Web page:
Our View | Will Sex Sell in Old Town?


Where does one draw the line between business and pleasure? There is no such line at 210 King St., where the new lingerie and gifts shop, Le Tache, has made its home. While offensive to some, it is a legitimate new business.

Murmurings from the community have ranged from outrage to yawns in the week since the shop, which sells adult entertainment products, has opened. Bluntly, it is a sex shop something out of Amsterdams red-light district, a stark contrast to the historic and pristine brick-lined streets of Old Town.

Does it fit with Old Towns traditional business landscape? No. It is sandwiched between two high-end art galleries and doors away from Why Not?, a childrens toy store. Will Le Tache make some people feel uncomfortable? Yes. Sex is a personal and intrinsically touchy subject for many, especially any Alexandrians uncomfortable with the stores palpability.

But this store replaces a hunting store, one that sold and traded in firearms. For some, the notion of hunting, or any use of firearms, is as offensive as sex is to others. Across the street is a retailer specializing in harmful tobacco products. Where do we as society draw the line? And for those who might chastise the city for approving Le Taches business license, do we want the city to draw that line for us?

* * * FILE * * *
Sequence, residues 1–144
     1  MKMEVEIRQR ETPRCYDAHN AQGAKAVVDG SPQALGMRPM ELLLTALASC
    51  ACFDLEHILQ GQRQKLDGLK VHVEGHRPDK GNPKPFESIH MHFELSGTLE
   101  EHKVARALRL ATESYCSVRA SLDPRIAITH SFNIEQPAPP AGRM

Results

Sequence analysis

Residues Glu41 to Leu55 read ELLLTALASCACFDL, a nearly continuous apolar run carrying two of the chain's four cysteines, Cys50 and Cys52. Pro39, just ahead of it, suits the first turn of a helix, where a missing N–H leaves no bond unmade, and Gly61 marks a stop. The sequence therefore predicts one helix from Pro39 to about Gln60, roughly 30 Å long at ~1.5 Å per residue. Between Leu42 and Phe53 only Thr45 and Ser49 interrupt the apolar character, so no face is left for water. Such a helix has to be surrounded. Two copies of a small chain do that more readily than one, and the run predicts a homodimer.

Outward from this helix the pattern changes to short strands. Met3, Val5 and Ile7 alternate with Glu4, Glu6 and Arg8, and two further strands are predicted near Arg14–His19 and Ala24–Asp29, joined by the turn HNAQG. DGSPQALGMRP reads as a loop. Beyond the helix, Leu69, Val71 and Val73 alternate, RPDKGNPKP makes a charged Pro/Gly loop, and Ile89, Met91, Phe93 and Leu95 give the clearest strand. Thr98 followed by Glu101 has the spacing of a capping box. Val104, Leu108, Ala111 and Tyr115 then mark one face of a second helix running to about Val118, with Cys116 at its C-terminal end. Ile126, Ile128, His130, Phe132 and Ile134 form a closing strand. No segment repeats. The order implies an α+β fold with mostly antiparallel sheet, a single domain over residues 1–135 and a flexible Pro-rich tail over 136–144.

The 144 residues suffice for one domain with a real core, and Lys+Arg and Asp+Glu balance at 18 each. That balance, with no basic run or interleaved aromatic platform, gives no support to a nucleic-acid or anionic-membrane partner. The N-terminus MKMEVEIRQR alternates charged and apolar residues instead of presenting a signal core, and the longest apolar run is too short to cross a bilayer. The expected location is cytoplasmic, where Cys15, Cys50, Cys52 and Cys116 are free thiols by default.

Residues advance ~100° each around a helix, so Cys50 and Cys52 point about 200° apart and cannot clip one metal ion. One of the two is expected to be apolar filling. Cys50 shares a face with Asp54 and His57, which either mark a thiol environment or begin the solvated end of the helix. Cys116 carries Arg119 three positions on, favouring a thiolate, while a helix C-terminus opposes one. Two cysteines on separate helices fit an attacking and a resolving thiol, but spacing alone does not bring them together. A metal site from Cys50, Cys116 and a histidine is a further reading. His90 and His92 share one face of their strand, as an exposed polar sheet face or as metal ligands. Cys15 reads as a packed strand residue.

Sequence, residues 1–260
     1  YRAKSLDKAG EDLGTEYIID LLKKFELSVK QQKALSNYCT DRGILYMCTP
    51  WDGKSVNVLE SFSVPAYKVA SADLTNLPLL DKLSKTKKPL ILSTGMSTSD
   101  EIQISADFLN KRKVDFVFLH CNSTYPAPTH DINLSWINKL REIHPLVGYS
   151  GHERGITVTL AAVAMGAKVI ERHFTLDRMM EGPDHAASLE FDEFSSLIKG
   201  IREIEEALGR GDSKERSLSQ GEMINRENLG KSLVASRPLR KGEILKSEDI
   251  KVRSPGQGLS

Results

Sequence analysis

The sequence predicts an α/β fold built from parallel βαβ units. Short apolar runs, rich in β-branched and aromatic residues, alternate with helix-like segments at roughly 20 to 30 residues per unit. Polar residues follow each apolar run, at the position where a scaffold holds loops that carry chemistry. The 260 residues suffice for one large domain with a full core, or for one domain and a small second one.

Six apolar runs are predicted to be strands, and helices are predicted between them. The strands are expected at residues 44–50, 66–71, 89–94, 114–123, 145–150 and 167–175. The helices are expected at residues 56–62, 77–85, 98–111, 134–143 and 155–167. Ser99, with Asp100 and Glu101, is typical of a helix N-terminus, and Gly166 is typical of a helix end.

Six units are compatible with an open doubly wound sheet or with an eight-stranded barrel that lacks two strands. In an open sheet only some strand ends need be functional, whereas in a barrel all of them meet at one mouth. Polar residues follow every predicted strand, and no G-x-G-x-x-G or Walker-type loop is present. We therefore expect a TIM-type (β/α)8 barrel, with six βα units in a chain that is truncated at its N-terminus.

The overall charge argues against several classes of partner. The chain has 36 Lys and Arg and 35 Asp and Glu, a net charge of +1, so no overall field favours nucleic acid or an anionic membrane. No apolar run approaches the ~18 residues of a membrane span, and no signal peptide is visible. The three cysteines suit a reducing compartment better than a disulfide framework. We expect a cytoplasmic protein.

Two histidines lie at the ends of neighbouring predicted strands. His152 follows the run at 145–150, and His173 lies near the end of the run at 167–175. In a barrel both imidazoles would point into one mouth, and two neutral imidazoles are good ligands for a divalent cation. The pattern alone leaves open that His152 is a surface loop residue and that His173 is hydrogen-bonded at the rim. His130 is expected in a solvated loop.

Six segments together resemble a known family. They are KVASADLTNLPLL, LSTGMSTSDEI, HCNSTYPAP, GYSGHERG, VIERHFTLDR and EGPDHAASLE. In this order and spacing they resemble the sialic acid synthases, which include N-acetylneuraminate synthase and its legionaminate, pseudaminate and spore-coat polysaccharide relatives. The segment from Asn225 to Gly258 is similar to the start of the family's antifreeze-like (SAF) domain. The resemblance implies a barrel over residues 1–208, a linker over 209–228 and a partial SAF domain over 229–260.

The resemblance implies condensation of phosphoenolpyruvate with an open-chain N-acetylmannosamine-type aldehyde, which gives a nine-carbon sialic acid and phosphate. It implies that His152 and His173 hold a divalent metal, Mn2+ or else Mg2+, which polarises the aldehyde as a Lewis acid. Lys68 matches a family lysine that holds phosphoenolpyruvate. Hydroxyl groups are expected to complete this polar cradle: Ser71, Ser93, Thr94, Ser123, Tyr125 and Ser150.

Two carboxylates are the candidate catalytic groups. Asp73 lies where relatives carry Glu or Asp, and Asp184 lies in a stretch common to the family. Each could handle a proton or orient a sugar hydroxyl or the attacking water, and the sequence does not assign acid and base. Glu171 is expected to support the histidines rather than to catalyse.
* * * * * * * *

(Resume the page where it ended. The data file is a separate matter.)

At its base Le Tache is a business. City officials have stressed the importance of small businesses, hailing them as the backbone of Alexandrias economy. The shop went through the citys vetting process for a new business and passed. Like it or not, the city determined that it is a legitimate, tax-paying small business.

While the business may be legitimate, so are the issues it presents for the community. Some parents are concerned with the shops proximity to a toy store. Others worry about tarnishing citys image. In the real world though, a market for the stores products exists even if they are jarring to some.

From its display window on King Street, Le Tache parades an arrangement of lingerie no more blatant than the Victorias Secret store at Pentagon City. Once inside, age identification is required to enter the more adult-oriented portions of the store for those who seek those products. And, while King Street is a prime location for the citys revelers, there is a place more accessible than even Le Tache should any one want to look at such products whether of legal age or not. It is perhaps one of the most unregulated institutions in the world: the Internet.

The issue here is not whether or not one agrees with the products sold at Le Tache. Like any other business in Alexandria, it is the consumer who will ultimately decide if this type of retail shop is appropriate for Old Town. Le Tache will survive, and perhaps even thrive, if there is a market to support it.

Is there enough of an interest in Old Town in adult entertainment products to sustain this type of store? Only time will tell what kind of success Le Tache will have. But the market will play out and perhaps in the process teach the community about ourselves as well.